[Edited 2010-04-17 19:32:15]

User currently offlineMacsog6 From Singapore, joined Jan 2010, 525 posts, RR: 0
Reply 8, posted (4 years 3 months 1 week 5 days 4 hours ago) and read 5466 times:
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PA was killed off long before it ceased operations by a sense of entitlement that took root in the management of the company. An attitude was developed that they were too important to fail (sound familiar) and the company failed to adapt to changing buisness conditions and increased competition in a timely manner. They were a 1930's product flying 40 to 50 years later.

PA tried, far too late, to change matters, both in the executive offices and at the airfield, and still had a chance till Lockerbie. When that 747 went down, PA's last chance went down with her. If you have never been there, the memorial at Lockerbie is quite moving.

TW was merged into AA when they had lost their last chance of survival. They had been dismembered gradually, but TW800 was, in many ways, the functioanl equal of Lockerbie. TW simply has failed to adapt to the changing conditions and was unable to generate the needed revenue to stay in business.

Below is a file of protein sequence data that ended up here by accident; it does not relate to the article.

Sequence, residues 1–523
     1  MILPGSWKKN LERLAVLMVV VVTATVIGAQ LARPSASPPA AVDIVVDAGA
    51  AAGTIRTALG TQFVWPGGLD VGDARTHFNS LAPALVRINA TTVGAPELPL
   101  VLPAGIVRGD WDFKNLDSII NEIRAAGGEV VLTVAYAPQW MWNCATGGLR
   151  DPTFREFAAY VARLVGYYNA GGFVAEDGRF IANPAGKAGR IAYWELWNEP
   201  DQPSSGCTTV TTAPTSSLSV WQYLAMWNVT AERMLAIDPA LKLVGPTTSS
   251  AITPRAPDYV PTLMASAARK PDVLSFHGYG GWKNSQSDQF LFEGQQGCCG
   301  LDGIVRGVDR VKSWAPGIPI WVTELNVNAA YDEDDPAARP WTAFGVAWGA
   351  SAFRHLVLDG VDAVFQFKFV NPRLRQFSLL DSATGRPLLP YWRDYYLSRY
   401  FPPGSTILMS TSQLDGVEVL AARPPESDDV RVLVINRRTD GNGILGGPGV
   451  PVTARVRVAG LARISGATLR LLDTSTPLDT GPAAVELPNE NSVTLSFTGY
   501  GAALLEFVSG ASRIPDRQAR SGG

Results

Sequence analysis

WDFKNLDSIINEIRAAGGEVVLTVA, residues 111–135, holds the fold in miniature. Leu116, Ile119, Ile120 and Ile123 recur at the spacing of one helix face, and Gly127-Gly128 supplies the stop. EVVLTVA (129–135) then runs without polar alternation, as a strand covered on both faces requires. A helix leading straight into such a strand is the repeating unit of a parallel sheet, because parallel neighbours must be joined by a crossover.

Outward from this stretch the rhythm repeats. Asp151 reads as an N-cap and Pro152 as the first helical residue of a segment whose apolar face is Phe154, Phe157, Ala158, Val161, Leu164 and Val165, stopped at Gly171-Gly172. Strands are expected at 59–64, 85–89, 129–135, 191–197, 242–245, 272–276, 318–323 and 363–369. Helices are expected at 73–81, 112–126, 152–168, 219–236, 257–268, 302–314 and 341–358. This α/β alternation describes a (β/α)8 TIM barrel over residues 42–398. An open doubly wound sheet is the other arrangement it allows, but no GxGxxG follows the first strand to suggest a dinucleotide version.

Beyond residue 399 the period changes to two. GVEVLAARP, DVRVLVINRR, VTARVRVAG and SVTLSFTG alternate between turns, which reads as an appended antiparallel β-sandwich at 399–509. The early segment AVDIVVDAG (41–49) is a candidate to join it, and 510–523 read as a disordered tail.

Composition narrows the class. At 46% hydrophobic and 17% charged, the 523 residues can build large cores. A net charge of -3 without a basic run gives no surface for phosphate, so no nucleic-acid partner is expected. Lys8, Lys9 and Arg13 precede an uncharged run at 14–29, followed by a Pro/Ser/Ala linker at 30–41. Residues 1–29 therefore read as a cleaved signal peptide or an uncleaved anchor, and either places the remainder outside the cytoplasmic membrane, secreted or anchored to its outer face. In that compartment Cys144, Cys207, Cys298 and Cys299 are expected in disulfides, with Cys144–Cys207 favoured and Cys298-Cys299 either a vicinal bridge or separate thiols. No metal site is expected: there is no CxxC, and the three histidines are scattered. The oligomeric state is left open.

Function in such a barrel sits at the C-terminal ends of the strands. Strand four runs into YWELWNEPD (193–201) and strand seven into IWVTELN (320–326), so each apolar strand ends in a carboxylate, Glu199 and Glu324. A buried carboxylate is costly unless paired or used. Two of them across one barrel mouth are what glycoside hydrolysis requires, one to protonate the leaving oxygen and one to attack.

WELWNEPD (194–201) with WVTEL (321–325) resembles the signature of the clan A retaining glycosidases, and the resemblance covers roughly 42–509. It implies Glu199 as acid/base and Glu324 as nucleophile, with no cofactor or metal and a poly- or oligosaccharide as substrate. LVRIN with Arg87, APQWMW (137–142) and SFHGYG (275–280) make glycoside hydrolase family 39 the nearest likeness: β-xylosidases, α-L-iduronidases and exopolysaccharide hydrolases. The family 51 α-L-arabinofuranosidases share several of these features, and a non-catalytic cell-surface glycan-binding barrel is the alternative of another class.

Both carriers, once the stalwarts of American aviation in the international space, both failed to keep up with the changing world of modern aviation, had business models that were grounded in 1935 concepts, and failed to adjust to a new world that was hearlded by Freddie Laker.

And I miss them both - I still have my PanAm wings that were given to me as a child when I made one of my crossings on a Boeing 377. PA - and TW - were great airlines.



Sixty Plus Years of Flying! "I fly because it releases my mind from the tyranny of petty things." - Saint Ex
User currently offlineFilAmAirlines From United States of America, joined Jun 2008, 139 posts, RR: 0
Reply 9, posted (4 years 3 months 1 week 5 days 3 hours ago) and read 5358 times:

According to wikipedia, TW's demise was credited to ignoring the Asian (sans Middle East) and Pacific market during its last 2 or 3 decades.
PA's acquiring/merging of National, like mentioned before, was a reason for its demise. PA was seeking for a better domestic presence and believed acquiring National would give PA such. However, National's routes concentrated excessively on Florida. I have seen ads regarding National Airlines' flights to Florida (Hence how PA acquired the MIA hub).
Of course what has happened to TW, PA, and its assets since:

UA only eliminated two destinations of PA's Pacific routes when UA purchased it [AKL and MNL :^( ]
The TW (later AA) hub in STL is a thing of the past
PA's hub at FRA is dismantled by DL (I don't know the story behind this)